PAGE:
For reasons I probably shouldn’t think about too deeply, my favorite subcategory in the wide field of coming-of-age stories is “high-strung lady who’s great at her job gets her structured life disrupted by an unlikely friend, but still doesn’t change that much in any perceptible sense, because life is complicated and people are set in their ways.” This is the plot of nearly every Virginia Woolf novel, and a whole host of movies where nothing appears to happen for two hours, but really, everything happens—it’s just that it happens in a way that can’t be easily summarized to impress your Tinder date who doesn’t read much.
Writer/director Martin Provost’s latest entry into this under-appreciated genre is The Midwife, and it helps to know going in that the French term for “midwife” translates literally as “wise woman.” The title’s dual meaning epitomizes the quiet complexity of everything that comes after the title card—a cerebral character study of ladies of a certain age that carries on French filmmakers’ tradition of acknowledging that women over the age of 40 exist.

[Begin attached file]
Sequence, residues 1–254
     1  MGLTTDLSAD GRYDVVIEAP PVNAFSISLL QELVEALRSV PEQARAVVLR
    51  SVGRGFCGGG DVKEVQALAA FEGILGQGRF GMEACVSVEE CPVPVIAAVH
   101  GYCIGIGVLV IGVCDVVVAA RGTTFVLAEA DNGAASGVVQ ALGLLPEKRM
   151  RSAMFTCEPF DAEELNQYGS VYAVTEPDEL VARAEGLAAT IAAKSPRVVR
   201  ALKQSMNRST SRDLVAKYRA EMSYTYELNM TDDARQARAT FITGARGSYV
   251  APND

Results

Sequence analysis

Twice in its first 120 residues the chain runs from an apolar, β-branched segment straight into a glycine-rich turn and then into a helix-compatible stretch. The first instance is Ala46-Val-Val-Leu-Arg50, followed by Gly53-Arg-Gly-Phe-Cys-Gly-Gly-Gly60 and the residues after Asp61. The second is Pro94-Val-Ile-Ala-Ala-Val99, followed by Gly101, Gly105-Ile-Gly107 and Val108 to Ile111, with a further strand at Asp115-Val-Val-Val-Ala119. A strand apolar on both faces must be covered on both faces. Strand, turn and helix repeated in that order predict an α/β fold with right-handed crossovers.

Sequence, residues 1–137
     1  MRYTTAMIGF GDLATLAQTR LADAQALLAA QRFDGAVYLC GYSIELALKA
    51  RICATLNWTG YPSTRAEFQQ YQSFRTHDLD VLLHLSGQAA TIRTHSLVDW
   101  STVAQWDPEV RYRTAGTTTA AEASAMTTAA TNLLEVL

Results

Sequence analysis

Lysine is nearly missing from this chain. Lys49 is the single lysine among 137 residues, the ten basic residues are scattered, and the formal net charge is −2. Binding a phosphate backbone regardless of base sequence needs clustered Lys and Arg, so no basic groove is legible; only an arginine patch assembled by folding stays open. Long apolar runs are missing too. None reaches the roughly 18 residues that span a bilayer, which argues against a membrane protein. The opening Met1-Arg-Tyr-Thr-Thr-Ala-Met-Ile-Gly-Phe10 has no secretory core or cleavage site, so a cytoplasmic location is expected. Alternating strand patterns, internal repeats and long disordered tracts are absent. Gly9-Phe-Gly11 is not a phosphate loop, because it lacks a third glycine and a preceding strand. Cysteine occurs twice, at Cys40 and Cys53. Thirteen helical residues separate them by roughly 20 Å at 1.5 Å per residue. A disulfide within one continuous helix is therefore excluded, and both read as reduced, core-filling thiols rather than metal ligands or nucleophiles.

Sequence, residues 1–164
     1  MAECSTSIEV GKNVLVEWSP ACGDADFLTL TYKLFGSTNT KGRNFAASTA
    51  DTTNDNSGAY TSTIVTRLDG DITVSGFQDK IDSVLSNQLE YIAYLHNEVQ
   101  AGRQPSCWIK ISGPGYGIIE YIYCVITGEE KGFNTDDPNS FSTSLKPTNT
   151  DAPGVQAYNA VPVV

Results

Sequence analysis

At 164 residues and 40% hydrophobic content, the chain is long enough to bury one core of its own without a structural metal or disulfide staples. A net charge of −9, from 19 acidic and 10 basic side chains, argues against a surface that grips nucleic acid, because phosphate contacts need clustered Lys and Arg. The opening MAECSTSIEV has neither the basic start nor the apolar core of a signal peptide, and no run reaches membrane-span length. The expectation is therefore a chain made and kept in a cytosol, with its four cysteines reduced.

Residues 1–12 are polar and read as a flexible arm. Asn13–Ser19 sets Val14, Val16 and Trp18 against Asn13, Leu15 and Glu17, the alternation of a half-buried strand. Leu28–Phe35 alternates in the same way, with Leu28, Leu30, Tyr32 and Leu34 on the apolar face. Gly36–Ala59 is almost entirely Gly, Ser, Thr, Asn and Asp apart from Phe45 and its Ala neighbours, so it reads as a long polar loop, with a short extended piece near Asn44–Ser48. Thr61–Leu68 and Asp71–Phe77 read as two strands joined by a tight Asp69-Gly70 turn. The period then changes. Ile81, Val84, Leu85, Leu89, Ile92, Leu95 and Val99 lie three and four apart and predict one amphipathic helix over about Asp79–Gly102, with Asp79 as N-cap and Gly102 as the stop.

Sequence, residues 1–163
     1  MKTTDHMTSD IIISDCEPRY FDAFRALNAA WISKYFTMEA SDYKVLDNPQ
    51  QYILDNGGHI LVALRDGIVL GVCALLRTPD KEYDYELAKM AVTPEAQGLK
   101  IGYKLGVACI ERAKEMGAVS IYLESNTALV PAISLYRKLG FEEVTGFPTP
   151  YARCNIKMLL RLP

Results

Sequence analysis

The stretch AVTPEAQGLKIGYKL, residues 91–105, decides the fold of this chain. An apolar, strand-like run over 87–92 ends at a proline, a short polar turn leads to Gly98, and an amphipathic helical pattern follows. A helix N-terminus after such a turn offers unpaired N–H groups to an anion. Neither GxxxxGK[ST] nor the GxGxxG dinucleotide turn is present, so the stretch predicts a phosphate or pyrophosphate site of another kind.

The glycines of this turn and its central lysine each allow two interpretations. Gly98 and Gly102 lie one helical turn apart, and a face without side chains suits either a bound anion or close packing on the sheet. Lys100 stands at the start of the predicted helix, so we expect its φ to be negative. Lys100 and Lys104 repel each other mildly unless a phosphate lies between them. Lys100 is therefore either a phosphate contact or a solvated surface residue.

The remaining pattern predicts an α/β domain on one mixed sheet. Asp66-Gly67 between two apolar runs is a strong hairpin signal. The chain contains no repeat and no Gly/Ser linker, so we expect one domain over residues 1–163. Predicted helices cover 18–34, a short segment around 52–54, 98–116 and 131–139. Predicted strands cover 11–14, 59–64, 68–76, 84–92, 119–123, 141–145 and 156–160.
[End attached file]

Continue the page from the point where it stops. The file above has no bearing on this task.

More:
The midwife of the title is Claire (Catherine Frot), a skilled baby-catcher who lives a quiet, dignified life in the suburbs of Paris with a tidy apartment and an adult son. Her structured existence must of course be disrupted, so here comes Béatrice (Deneuve, doing her very best Real Housewives of the Seventh Arrondissement). The Eurotrash former mistress of Claire’s long-dead father, Béatrice shows up, Royal Tenenbaum-like, to announce she has brain cancer and needs help, but also that she has no intention of giving up either red meat or gambling. (That Catherine Frot and Catherine Deneuve are like the Meryl Streeps of French cinema makes their opposition all the more enjoyable.)
What follows is a smart, mordant portrait of aging and loss. That sounds sad, but it’s actually delightful to watch two veteran actresses take on these complicated roles. Not much happens—but under the surface, everything does, and Frot and Deneuve make it impossible to miss.